The bird-life is also vast in Arctic, and although they are never on the top of my wildlife viewing lists, there were so many birds to be seen. Many bird cliffs were visited but the best by far were at Alkfjellet. These are huge vertical cliffs where kittiwakes, Brunnich Guilemotts and other birds lay their nests. The reason that they nest in this area is because it means that the Arctic foxes cannot get to their young. The Captain positioned the ship with the bow head-on to the cliffs. One of the advantages of the M/V Quest is that it has 2 observation decks at the front of the ship. This meant that you could view the cliffs from a greater height to get a better perspective of the nesting birds. The captain also made the ship drift sideways along the cliff so that we could see as many birds as possible. Supposedly there were between 100-200,000 birds on the cliffs at the time. These same cliffs were covered in the BBC’s Frozen Planet. We saw many other birds such as Arctic terns, albatross, skuas, fulmars and puffins leading a long list.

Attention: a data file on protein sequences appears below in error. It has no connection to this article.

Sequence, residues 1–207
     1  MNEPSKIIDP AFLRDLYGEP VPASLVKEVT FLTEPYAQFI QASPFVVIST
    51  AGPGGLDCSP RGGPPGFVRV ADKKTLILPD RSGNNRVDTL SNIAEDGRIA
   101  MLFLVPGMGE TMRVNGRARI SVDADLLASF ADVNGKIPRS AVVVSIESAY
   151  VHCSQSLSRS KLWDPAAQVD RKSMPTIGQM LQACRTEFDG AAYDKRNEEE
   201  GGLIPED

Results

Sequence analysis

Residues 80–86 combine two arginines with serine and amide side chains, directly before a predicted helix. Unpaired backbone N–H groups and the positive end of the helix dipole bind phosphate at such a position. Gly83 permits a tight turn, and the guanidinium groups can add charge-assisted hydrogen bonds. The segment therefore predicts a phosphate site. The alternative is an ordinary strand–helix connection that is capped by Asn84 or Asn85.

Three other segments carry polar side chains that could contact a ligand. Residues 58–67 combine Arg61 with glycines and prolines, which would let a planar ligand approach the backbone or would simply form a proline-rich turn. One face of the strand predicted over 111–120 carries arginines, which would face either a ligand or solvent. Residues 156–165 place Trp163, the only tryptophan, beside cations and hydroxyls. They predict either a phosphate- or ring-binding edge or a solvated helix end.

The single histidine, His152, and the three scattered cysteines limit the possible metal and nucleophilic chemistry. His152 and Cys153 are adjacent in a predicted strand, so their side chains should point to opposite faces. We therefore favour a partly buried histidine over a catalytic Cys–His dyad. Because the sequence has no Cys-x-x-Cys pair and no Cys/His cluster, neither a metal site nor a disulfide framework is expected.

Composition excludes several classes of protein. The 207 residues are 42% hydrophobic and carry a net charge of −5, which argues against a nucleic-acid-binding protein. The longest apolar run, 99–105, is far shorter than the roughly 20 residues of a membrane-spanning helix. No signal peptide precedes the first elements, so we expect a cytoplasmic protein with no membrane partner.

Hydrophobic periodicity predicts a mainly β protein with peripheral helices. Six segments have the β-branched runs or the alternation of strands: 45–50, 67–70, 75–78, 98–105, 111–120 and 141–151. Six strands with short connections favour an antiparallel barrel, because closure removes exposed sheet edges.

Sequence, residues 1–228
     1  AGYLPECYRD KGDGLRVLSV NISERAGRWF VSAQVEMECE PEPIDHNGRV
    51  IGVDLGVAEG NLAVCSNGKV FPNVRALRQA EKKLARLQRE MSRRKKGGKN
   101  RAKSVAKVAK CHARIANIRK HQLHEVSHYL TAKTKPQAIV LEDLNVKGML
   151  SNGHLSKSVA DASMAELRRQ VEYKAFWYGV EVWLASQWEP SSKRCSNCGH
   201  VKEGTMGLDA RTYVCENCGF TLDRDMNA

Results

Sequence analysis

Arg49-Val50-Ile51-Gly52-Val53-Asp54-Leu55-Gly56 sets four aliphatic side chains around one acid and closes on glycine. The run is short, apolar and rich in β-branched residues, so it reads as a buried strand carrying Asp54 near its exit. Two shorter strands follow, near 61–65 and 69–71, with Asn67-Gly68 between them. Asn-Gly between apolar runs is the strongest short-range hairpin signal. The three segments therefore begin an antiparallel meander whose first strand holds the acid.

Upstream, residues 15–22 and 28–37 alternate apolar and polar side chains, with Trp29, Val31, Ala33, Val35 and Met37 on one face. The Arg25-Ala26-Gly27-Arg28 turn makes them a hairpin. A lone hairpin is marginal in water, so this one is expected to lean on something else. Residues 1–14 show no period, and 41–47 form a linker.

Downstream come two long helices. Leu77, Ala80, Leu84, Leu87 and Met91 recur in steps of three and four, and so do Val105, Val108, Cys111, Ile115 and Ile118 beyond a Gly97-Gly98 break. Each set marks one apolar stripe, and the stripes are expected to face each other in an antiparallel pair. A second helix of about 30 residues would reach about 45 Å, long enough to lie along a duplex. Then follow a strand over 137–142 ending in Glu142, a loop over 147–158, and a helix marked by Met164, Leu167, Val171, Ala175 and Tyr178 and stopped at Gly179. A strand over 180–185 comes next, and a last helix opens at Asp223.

Some of the other great Arctic wildlife encounters experienced on the trip included seeing seals hitching rides on ice floes, very skittish and always on the lookout for polar bears. As soon as we got close they were in the water. We saw bearded seals, harbour seals, harp seals and the ringed seal, the favourite food of the polar bear.
Whilst we were on land excursions we came across the Arctic fox on three occasions, twice in his grey summer coat and once in his winter white coat, which we were told is extremely unusual at that time of year.
We also had a very close encounter with some Arctic reindeer, another animal that didn't seem to fear our presence. I managed to get some great photos and one of the other passengers managed to get some great pictures of me photographing the reindeer.